Family Movie Guide
By STEVE PERSALL
Published November 10, 2005
The Family Movie Guide should be used along with the Motion Picture Association of America rating system for selecting movies suitable for children. Only films rated G, PG or PG-13 are included in this weekly listing, along with occasional R-rated films that may have entertainment or educational value for older children with parental guidance. Compiled by St. Petersburg Times film critic Steve Persall.
SUITABLE FOR FAMILIES
Chicken Little B
(G) Nothing offensive in this computer-animated Disney production. Mild action violence, but not as intense as The Incredibles.
Dreamer: Inspired by a True Story B
(PG) - Only a few mild profanities in this feel-good movie about a trainer (Kurt Russell), his daughter (Dakota Fanning) and an overachieving horse. Otherwise, it's safe for all ages.
The Greatest Game Ever Played B
(PG) - Nothing objectionable and plenty inspirational about the fact-based story of Frances Ouimet (Shia LaBeouf), a surprising 20-year-old contender in the 1913 U.S. Open golf tournament. Brief profanity.
The Legend of Zorro C
(PG) - The romantic heat generated by Antonio Banderas and Catherine Zeta-Jones shouldn't bother parents, and the action violence is silly enough to be laughed away.
Wallace & Gromit in the Curse of the Were-Rabbit A
(G) - The long-awaited feature-length adventure about a meek inventor and his intrepid dog is wonderful for all ages. The animation is clever, the jokes are silly in a smart way, and a few mildly suggestive sight gags won't offend.
(PG) - Siblings follow a board game into outer space adventures that aren't as exciting as the premise suggests. The sci-fi action is tame by video game standards, and a few crude remarks among kin won't offend many parents, who'll appreciate a late message for everyone to like each other.
SUITABLE, WITH RESERVATIONS
Corpse Bride B+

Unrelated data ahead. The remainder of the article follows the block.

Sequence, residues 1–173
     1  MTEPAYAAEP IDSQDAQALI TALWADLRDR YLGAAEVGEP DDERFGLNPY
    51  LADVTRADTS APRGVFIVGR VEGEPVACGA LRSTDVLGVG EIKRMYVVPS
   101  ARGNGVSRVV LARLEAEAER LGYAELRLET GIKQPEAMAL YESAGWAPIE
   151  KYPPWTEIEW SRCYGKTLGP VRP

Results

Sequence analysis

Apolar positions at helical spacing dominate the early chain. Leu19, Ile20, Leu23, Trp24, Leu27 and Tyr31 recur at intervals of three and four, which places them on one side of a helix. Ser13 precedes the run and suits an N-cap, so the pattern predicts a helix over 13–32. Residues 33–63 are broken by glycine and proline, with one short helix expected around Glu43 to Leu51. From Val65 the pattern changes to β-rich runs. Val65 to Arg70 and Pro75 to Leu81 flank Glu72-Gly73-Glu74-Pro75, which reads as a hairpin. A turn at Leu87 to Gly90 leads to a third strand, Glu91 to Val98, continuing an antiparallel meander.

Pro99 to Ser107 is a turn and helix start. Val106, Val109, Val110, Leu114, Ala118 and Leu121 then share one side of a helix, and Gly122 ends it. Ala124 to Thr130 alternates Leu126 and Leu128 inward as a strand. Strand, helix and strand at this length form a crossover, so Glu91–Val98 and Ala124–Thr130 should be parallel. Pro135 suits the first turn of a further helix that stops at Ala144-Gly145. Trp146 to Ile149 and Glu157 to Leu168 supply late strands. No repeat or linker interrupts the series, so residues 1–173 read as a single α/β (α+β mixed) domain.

(PG) - Many children loved Tim Burton's macabre sense of humor in Charlie and the Chocolate Factory. This stop-motion animation effort includes scarier images of decomposed bodies and icky action, so viewers younger than 10 may require parental reassurance before bedtime.
(PG-13) - Jodie Foster plays a mother whose daughter disappears on an airliner, if the girl was alive upon departure in the first place. That perilous theme could upset children, and the violence and tension level is definitely geared for grownups.
The Gospel B-
(PG) - A provocative recording artist rediscovers his religious faith when his father, a clergyman, falls ill. The temptations causing his backslide are handled tastefully, but there are still suggestive material and profanity.
Pride & Prejudice B
(PG) - Adolescent girls will appreciate Jane Austen's knack for creating plucky, romantic 18th century heroines more than boys, and any child under age 10 will likely be bored. Keira Knightley wearing a corset again may attract youth market interest, but this isn't Pirates of the Caribbean.
(PG-13) - Young viewers will be attracted by the youthful cast, including pop singer Bow Wow, and the roller-skating angle. But the nostalgic 1970s setting, including songs from the era, may be too quaint for their tastes. The film includes crude language, sexual suggestiveness and brief drug references.
(PG-13) - The big-screen adaptation of the failed TV series Firefly contains intense sci-fi action violence and a few sexual references.
Everything is Illuminated A-
(PG-13) - An odd Jewish man (Elijah Wood) traces his grandfather's personal Holocaust history. The trail leads him to sexual encounters and violent memories, assisted by a pair of humorously profane guides. Teenagers may appreciate the film's cockeyed outlook, but children will likely be bored.
(PG-13) - Youth market favorites Orlando Bloom and Kirsten Dunst co-star in a coming home comedy-drama of love and death. Those mature themes are explored by writer-director Cameron Crowe with middling results. Moderate profanity, some sexual references.
(PG-13) - Remake of John Carpenter's 1980 ghost story, slightly less gory. The film still contains violence, disturbing images and brief sexuality.
Good Night, and Good Luck A-
(PG) Although the profanity is minor and there's no sex or violence in George Clooney's film, the fact-based drama is rife with mature political themes that can make younger viewers impatient. The black-and-white cinematography and lack of physical action won't help. Save this fine film for teenagers seeking a civics lesson.
In Her Shoes A-
(PG-13) - A party girl (Cameron Diaz) and her uptight sister (Toni Collette) deal with sexual issues, substance abuse and an estranged grandmother (Shirley MacLaine). Sensuality and frank dialogue about mature themes plus strong profanity equal nothing for children.
(PG-13) - This adult romantic comedy was initially rated R by the MPAA, but that was changed on appeal by Universal Pictures. There's still enough sensuality, profanity and frank discussions of sexuality for parents to be wary.
[Last modified November 9, 2005, 10:39:08]
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